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What you need to know for 01/24/2017

NY Legislature's last week: minimum wage, medical pot

NY Legislature's last week: minimum wage, medical pot

The fate of proposals to raise the minimum wage, allow medical marijuana and combat the rise of hero
NY Legislature's last week: minimum wage, medical pot
Supporters cheer after the Senate health committee advanced a bill that would legalize medical marijuana in New York state, May 20, 2014.
Photographer: The Associated Press

The fate of proposals to raise the minimum wage, allow medical marijuana and combat the rise of heroin addiction will be decided this week as New York lawmakers work toward an end to their session.

Advocates for medical marijuana hoped last-minute talks with Gov. Andrew Cuomo and top lawmakers from the Assembly and Senate might secure passage. Cuomo has said he's open to authorizing a medical marijuana program, but only if it has safeguards. Senate Republican Leader Dean Skelos has also raised questions about such a program, saying he'd like to see a system that only authorizes ingestible marijuana products.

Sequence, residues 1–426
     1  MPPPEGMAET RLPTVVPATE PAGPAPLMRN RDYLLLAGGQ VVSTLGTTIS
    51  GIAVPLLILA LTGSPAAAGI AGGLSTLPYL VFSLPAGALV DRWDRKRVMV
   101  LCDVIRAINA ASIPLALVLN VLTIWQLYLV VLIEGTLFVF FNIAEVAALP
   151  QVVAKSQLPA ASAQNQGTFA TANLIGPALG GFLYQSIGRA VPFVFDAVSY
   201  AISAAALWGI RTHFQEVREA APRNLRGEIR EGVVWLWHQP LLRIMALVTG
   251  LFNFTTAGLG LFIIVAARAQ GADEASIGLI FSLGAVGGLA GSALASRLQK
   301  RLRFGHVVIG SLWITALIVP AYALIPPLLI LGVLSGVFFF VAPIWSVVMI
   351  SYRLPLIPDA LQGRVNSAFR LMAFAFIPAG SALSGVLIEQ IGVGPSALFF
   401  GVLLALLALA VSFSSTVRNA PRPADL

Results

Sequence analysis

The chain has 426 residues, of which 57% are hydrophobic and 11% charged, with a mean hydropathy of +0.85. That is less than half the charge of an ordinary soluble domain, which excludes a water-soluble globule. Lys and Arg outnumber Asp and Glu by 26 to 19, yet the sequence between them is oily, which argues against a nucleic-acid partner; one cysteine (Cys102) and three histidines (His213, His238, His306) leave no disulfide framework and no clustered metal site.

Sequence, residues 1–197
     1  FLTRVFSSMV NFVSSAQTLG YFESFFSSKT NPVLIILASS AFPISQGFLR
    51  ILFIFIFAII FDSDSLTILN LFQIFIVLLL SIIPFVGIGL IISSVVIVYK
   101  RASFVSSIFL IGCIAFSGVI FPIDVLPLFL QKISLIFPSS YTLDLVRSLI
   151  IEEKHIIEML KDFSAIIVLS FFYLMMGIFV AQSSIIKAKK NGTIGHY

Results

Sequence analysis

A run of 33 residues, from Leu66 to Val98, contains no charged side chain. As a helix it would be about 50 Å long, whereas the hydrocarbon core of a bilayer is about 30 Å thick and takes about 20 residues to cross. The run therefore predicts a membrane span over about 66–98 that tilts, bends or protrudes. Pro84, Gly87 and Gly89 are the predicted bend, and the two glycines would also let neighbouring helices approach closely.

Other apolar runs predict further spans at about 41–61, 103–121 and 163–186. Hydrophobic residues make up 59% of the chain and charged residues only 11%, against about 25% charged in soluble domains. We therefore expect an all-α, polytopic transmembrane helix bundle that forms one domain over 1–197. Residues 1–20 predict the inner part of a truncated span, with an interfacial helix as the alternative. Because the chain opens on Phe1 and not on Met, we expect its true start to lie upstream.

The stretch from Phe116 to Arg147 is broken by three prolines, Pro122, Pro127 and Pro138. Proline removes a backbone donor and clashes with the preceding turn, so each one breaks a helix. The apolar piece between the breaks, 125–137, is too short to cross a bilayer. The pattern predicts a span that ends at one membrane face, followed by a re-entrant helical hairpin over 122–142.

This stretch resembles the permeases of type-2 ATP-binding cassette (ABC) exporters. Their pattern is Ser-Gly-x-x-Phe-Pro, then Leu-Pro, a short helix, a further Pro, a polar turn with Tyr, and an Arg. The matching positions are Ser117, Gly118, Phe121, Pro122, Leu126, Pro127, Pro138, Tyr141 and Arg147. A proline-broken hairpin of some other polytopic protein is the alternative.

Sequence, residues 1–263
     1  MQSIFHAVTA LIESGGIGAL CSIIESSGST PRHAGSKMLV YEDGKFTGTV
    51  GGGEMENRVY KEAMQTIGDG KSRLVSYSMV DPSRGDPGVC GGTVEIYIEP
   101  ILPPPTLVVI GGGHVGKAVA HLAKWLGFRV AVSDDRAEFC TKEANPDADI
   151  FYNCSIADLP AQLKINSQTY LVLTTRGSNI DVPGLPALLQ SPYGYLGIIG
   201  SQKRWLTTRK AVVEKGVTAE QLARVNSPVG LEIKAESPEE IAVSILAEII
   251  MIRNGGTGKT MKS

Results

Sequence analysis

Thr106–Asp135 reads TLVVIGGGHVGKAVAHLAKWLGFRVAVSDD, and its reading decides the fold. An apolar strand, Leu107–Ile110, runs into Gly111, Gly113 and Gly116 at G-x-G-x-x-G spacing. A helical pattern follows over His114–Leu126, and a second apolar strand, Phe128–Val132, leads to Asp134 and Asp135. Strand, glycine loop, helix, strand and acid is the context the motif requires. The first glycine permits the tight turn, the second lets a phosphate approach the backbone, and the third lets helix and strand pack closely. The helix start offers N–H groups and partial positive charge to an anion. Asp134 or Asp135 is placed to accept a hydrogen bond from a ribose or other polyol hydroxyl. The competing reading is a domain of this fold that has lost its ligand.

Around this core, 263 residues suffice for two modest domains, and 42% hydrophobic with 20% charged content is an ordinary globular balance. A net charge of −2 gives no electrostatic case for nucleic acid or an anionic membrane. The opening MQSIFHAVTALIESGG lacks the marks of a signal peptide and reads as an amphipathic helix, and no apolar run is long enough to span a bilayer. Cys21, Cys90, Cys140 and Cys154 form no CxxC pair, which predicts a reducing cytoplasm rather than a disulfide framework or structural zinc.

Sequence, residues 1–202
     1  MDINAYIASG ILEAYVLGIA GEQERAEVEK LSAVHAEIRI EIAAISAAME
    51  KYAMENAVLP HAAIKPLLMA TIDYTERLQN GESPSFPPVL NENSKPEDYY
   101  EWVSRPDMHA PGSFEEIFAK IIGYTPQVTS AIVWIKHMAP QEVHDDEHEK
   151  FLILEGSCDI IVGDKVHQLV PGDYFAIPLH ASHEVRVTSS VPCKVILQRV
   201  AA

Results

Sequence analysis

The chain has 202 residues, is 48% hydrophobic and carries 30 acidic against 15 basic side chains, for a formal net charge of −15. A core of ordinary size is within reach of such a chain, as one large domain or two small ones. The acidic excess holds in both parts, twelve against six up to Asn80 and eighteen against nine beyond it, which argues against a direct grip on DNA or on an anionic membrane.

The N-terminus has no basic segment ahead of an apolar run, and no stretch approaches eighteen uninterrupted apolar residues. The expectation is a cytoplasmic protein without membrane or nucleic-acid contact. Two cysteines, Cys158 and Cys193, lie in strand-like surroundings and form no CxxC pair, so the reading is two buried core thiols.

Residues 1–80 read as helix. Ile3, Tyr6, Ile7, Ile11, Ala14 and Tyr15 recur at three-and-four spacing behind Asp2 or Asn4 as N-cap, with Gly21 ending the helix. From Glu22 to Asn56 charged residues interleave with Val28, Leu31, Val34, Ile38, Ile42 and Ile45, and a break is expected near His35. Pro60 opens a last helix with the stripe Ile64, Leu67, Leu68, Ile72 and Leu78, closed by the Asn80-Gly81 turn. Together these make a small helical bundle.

A deal would likely have to be crafted by Monday in order for the Legislature to have time to vote.

Meanwhile, hundreds of supporters of a higher minimum wage plan to gather at the Capitol on Tuesday in support of legislation to raise the wage from $8 an hour to $10.10. Under the proposal, the wage would automatically go up in the future based on inflation, and New York City and other communities would be able to set local starting wages of up to $13.13 per hour.

The proposal is supported by Cuomo, but it faces challenges with some Republican lawmakers who say a higher wage could force business owners to cut positions and raise prices.

The Senate has already passed more than 20 bills to fight opiate addiction, blamed for a rise in overdose deaths. The Assembly has also looked at the problem, but hasn't yet voted on the Senate bills. Some Democrats say the Senate's proposals are too punitive and don't do enough to treat addiction as a public health problem.

Other debates are expected on a package of measures designed to combat sex trafficking and help victims of domestic violence. The measures — contained within a single bill — have broad support in both chambers, but Republicans have objected to another provision in the bill that would match state abortion law with the rights spelled out in the Roe v. Wade decision. The Democratic leaders of the Assembly have so far refused to split up the bill.

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